Once you have set up your tracking pixel, you’ll start to receive data on your campaign’s performance. So how can you use this data to determine your next steps? We’ll start by focusing on Facebook and Teespring analytics. These analytics can give us useful insight and by cross-checking our numbers, we can avoid being misled by inaccurate data. Keep in mind many top Creators organize their data in a separate excel sheet like this one to keep track of their ad’s performance. Make sure to check out our section on Teespring Analytics too if you haven’t already!
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Let’s say you launched your Facebook ad yesterday at 3pm targeting your audience. You have set the lifetime budget to $20 and you will have spent around $10 by this morning. Go to www.facebook.com/ads/manager and click on the ad you want to analyze.
You should pay particular attention to the following metrics:
- Relevance score: This is a rating of 1 to 10 based on how your audience is responding to your ad. Your score shows how successful your targeting is; if you target the right audience (the people who will be most responsive to your ad), your relevance score will be 9/10 or 10/10. If it’s below 7/10, you should revisit your targeting and update the audience’s interests; having a low score can negatively impact your ad’s performance.
- Results: Depending on what ad type you choose your ads will have different goals. If the goal is hidden it will show under ‘Results’ as a ‘Conversion’ (e.g. the goal of your PPE ad is “engagement” so a like, share, comment). Be careful not to confuse the ‘conversion’ Facebook shows you for actual sales (except for Website Conversion Ads, where the ad goal is an actual conversion, i.e sale).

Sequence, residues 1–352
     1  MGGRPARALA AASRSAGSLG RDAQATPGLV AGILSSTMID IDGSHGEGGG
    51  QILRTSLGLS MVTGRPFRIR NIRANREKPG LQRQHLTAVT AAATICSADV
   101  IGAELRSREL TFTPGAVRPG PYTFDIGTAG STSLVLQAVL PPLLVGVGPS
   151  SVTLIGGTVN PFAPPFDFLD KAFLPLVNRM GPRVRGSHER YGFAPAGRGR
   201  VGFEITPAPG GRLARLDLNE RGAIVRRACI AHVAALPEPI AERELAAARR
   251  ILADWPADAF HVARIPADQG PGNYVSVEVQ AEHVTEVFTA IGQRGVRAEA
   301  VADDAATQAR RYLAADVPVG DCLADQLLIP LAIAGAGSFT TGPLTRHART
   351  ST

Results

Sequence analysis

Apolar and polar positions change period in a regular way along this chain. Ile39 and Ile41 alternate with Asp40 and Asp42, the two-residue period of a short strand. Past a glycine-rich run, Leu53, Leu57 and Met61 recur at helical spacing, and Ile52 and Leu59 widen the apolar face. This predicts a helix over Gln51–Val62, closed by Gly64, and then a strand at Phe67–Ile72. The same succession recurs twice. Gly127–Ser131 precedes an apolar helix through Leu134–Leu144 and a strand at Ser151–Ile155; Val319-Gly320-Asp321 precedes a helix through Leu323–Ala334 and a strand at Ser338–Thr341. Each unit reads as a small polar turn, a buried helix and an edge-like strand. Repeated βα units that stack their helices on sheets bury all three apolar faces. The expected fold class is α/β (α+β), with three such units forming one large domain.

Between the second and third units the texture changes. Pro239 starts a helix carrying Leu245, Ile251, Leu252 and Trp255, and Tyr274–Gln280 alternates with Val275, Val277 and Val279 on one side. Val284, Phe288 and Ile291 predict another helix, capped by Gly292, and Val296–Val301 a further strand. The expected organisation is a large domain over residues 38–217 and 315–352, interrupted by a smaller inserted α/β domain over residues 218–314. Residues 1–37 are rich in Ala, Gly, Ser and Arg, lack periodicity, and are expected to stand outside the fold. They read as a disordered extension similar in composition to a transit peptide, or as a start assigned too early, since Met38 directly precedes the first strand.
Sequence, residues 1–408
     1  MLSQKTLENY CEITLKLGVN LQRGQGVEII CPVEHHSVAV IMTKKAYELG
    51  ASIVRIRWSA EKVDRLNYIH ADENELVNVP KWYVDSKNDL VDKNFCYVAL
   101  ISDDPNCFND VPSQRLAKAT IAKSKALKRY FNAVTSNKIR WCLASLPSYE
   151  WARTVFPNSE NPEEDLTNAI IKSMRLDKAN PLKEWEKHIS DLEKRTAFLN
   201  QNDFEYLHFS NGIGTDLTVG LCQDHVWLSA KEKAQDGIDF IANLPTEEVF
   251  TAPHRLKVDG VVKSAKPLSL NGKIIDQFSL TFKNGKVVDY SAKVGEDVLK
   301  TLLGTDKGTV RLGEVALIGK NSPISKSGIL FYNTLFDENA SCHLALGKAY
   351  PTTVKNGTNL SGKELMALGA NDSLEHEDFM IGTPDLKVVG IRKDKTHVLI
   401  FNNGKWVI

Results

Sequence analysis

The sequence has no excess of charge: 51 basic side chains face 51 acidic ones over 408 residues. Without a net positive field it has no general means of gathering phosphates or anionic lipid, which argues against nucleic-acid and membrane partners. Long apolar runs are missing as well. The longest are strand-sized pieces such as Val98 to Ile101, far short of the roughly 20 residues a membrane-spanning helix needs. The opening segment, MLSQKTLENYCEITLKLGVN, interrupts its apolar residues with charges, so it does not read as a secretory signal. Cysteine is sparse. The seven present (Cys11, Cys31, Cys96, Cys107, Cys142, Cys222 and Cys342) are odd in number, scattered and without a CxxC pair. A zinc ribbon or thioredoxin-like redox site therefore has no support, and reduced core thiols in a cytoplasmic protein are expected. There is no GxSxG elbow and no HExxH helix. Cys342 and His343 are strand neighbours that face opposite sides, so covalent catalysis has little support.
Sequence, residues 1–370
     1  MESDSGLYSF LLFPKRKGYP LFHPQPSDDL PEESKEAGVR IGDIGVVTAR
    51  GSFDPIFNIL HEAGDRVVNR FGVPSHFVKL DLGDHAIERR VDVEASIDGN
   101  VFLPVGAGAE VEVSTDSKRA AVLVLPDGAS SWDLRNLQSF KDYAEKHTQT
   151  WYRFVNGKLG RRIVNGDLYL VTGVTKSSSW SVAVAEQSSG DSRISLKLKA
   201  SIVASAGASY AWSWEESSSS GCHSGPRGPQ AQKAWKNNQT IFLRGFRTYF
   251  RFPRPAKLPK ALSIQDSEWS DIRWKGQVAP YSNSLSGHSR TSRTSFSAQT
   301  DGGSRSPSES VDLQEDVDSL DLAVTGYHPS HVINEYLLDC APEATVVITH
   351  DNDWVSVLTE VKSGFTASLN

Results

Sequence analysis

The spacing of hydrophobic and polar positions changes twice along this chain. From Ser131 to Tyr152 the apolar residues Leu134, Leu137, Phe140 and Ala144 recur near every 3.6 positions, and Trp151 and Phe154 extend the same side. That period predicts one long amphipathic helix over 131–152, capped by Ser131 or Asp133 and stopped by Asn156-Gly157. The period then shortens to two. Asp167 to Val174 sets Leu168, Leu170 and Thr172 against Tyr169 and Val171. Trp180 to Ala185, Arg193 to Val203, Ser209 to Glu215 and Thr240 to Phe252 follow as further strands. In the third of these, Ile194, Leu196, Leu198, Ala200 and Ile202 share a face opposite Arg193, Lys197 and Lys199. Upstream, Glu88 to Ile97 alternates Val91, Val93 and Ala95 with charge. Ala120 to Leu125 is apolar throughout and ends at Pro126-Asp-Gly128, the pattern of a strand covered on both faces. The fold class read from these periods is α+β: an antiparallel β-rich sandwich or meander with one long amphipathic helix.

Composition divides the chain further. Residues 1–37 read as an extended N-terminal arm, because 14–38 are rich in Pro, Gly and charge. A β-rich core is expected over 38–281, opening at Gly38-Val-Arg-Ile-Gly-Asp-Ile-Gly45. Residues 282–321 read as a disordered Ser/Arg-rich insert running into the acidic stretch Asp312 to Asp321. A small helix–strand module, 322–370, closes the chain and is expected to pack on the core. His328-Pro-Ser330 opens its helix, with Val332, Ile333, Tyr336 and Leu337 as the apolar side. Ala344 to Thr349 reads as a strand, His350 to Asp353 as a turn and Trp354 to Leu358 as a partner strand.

- Facebook Pixel: Earlier we installed the Facebook Pixel on the ad and within our Teespring account. The fields ending with (Facebook Pixel) now tell you what activity Facebook has recorded. So if a buyer clicks on your ad and views the campaign page it will be recorded under ‘View Content (Facebook Pixel)’. If a buyer coming through an ad actually completes a purchase they will be listed under ‘Purchase (Facebook Pixel)’. This way you can see how many campaign page visitors you had from this ad and how many orders you received from it.
- Cost: The “Cost” section is determined by the ad type you select and shows the average amount of money you paid to achieve your ad’s objective (i.e. engagement, click through or purchase).
- Reach: The number of people from your audience who saw your ad.
- Frequency: The number of times people in your audience have seen the ad; you should aim to have a frequency of 1.5 or less. It is a waste of money if you show the same people the same ad over and over again; if they didn’t engage with it the first time they saw it, it’s unlikely they will do so later.
- Click-Through Rate (CTR): CTR is a very important indicator if your ad is good or not; it tells you how many people who have been served your ad actually clicked on it. You should have a CTR of at least 4%. A very good CTR is 8% or more. If the CTR is very low it could be that the ad image or message is not appealing, the design is not right for your target audience, or the targeting is not accurate.
- Amount Spent: This is the total amount of money spent on the ad and can be used to calculate the return on investment (ROI). Two of the most important indicators related to the total spent are the Return on Investment (ROI) and your net profit. In order to calculate these values (to see if your ad is worth running or not) you need to have a look at your Teespring Analytics to see how much profit you made from the campaign.
Don’t forget you can also click “Customize Columns” to select other metrics you want to include in the report. Next to the customize button is one called “Breakdown” where you can select to divide data by country, age, gender, ad placement etc. It will show you all metrics separately for each of those groups (e.g. CTR for each country, website clicks for different age ranges etc.). This gives you further insight into what countries, age groups, genders etc. perform best (e.g. high CTR, more checkouts, lots of website clicks) so you can further optimize your targeting in the future.
Now that you understand your ad analytics it’s time to make a data based decision on whether you want to scale your campaign or kill the ad. Continue to the next section for more info!